Television is a fleeting medium. A series that’s lucky enough to find an audience goes from concept to cancellation in a few short years, forever being replaced by the network’s next attempt at a hit. Culture at large tends to forget many of these stories, which puts narratives and characters that stick with us in the notable minority. These exceptions are the cultural heavy-weights; television that not only entertains, but lingers in the subconscious and plants seeds for thoughts that might not have formed otherwise.
Outer space was on the forefront of culture in the 1960s. When President John F. Kennedy set out his plans for the New Frontier, he rekindled a lost pioneer spirit and set our sights – and imaginations- on the stars. Armstrong and Aldrin first explored the moon in 1969, and a short 300 years later, the USS Enterprise set off on its five-year mission to explore further.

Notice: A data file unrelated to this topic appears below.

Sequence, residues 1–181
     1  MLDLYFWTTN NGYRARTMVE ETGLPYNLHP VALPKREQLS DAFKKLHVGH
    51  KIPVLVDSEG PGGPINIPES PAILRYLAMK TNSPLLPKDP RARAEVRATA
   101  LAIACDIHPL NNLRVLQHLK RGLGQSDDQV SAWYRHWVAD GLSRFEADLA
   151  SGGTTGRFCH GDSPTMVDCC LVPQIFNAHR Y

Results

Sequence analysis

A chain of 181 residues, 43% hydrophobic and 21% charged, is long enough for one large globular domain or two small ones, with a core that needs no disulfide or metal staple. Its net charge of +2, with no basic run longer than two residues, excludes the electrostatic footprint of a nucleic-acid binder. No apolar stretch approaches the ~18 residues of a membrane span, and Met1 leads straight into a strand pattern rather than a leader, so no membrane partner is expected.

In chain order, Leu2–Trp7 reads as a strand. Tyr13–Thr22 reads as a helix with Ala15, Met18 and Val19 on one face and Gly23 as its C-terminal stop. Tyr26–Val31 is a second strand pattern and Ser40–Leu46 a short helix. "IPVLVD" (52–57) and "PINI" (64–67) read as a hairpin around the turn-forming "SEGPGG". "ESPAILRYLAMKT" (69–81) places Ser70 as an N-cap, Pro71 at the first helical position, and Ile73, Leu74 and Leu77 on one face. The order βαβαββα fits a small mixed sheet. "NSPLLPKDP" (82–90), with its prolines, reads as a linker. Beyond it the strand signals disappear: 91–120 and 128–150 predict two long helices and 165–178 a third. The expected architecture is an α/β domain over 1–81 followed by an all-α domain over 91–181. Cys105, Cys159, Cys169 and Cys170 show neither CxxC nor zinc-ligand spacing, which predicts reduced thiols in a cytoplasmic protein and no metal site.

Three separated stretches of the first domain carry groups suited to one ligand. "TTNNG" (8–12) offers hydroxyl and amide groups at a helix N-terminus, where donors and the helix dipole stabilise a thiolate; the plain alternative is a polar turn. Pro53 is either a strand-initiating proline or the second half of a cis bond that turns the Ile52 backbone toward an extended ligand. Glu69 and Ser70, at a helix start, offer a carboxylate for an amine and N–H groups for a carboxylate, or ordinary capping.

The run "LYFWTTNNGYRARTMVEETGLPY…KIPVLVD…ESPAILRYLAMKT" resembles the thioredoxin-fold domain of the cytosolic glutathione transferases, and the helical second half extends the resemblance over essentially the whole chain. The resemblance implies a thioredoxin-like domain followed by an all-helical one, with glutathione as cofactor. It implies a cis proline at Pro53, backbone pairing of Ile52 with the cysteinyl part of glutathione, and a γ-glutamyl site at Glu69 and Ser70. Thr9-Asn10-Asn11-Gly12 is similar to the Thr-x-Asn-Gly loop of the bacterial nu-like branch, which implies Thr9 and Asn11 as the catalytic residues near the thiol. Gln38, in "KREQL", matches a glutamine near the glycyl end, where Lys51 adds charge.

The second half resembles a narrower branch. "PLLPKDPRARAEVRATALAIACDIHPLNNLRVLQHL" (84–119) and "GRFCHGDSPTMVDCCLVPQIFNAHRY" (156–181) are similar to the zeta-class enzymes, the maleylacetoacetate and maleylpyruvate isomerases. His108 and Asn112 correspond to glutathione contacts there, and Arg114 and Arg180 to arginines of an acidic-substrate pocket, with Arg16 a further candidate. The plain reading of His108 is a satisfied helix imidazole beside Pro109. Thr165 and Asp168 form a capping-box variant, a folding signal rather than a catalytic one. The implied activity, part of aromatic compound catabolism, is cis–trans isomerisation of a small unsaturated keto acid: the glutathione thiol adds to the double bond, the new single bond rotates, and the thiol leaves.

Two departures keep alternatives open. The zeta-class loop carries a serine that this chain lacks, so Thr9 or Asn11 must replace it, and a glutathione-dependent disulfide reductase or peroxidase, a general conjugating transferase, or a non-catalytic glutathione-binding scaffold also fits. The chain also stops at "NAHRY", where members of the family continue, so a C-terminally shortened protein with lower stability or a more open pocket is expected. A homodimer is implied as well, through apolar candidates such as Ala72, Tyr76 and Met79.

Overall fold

At a time when practically every movie screen has been taken over by a big-budget superhero film, it is easy to forget the genre’s humble beginnings. The first onscreen superheroes came in the form of low-budget movie serials, which eventually evolved into syndicated television fare, with George Reeves’ Superman chief among them. Chief, that is, until January 1966, when a single series changed the genre – and pop culture – forever.
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